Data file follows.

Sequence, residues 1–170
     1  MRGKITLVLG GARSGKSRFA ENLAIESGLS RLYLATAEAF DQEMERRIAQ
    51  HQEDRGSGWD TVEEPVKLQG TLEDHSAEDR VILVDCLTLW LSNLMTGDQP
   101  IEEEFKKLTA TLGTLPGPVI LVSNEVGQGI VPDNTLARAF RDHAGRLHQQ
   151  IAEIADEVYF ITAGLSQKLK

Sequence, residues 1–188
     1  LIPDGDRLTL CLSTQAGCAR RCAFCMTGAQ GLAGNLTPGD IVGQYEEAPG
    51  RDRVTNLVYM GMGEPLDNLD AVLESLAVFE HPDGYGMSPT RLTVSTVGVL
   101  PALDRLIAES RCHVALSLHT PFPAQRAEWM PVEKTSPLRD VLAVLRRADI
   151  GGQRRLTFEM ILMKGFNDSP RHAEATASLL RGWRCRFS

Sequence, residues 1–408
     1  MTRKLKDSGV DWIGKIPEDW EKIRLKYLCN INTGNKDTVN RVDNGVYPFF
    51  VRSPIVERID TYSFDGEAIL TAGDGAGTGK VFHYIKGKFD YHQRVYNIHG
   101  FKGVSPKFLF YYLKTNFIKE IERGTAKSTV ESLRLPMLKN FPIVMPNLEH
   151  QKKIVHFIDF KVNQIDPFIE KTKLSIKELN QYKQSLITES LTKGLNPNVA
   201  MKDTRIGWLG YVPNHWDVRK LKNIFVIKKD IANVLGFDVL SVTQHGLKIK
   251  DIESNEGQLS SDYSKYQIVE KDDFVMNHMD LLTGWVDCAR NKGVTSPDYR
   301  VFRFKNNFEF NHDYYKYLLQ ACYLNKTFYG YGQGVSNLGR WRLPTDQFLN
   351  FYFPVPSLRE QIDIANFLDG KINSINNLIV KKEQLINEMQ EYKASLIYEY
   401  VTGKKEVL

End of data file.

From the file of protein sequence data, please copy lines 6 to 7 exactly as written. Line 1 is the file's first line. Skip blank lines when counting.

Sequence, residues 1–188
     1  LIPDGDRLTL CLSTQAGCAR RCAFCMTGAQ GLAGNLTPGD IVGQYEEAPG